The 6-foot-3, 230-pound sophomore batted .382 with 20 doubles, 13 home runs and 58 RBIs for Wake Forest, an effort that earned him the title of ACC player of the year. While the accolade was appreciated, Craig, a former standout at Science Hill, was more concerned with the fact that his team wasn’t able to qualify for the NCAA tournament.
“It’s a real honor to win the award, but our team didn’t go as far as we hoped,” Craig said. “The personal award is great, but I’d rather for our team to get a little farther than we went.”
Indeed, Wake Forest fell short of making the conference tournament after going 12-18 in league play. But that doesn’t change the fact that Craig enjoyed a breakout season.
Craig’s freshman campaign was nothing to sneeze at. He batted .280, hit eight homers and drove in 36 runs, good enough to earn himself a spot on the Louisville Slugger Freshman All-American Team.
This season, however, Craig was able to adjust to the speed of the college game, and his production went through the roof. Now he’s a semifinalist for the Dick Howser Trophy, which is given to the national player of the year.
“Coming out of high school, it’s a lot different game,” Craig said. “I never realized it watching it, but once you start playing it, you realize how much faster the game is at the college level.
“This year, I really took my experience and used it to slow down the game, play the game at my own speed. That kind of worked out for me.”
Craig’s evolution is the continuation of a journey that started in Johnson City, where he developed into a Division I prospect while playing for coach Ryan Edwards at Science Hill.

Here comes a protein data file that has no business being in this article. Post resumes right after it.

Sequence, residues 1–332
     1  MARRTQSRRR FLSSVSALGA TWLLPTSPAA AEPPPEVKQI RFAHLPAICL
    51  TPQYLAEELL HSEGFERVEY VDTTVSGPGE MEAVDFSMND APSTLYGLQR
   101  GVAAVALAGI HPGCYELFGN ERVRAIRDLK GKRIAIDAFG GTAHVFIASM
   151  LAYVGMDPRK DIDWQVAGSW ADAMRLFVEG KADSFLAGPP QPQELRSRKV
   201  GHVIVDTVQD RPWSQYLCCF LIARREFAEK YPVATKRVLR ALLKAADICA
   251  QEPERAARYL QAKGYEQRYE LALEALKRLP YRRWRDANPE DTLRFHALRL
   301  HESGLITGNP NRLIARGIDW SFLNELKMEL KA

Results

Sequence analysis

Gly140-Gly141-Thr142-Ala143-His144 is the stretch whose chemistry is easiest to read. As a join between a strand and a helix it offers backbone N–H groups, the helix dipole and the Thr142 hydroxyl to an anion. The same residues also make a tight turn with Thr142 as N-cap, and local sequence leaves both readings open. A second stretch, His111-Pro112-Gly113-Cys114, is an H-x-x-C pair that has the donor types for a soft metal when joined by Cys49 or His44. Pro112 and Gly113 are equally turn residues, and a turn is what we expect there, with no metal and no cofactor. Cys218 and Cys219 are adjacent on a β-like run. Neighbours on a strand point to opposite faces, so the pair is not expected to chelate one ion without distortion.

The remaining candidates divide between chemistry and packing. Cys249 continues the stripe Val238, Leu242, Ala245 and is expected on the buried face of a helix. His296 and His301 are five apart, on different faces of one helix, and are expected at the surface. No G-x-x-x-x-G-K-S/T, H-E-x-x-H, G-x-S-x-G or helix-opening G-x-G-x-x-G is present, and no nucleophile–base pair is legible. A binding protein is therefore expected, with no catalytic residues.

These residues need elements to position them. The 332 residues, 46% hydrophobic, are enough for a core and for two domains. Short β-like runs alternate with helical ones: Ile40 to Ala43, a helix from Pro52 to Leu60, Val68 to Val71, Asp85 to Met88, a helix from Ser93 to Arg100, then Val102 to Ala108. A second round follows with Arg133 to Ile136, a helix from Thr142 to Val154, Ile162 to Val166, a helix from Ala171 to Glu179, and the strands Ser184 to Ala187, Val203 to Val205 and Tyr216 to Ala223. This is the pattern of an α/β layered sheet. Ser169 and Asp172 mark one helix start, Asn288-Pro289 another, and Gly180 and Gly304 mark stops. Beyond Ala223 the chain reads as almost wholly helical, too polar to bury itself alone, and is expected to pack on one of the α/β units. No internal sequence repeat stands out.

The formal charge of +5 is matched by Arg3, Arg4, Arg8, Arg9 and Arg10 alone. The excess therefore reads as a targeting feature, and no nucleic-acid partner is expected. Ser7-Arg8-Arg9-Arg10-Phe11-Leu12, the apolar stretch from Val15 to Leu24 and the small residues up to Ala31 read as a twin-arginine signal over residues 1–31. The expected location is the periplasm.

“Being at Science Hill was the first stepping stone in my pursuit of playing major league baseball,” said Craig, who was actually drafted out of high school by the Kansas City Royals in the 37th round of the 2013 draft before deciding to play at Wake Forest.
To this day, Craig takes pride in being part of the rich baseball tradition that has taken root at Science Hill, handed down from one senior class to the next.
“Being able to play behind Daniel Norris and Will Carter and people like that really prepared me for my senior year, and my goal was to prepare the sophomores and juniors for their senior years,” Craig said.
With a crucial year ahead of him, Craig is preparing to play in the Cape Cod League in Massachusetts this summer to continue his development. The goal is crystal clear: he wants to keep getting better in hopes of leading Wake Forest to the NCAA tournament and raise his stock in the eyes of professional scouts.
Following his junior year, Craig will be eligible for the major league draft once again, and another great season could mean a big contract and a shot at making the big leagues. The stakes couldn’t be higher, but Craig said he won’t let the pressure rob him of the enjoyment he gets out of the game.
“The main thing is having fun and not stressing out over everything,” he said. “If it’s not fun playing baseball, you’re probably doing it the wrong way. It’s a kids game.”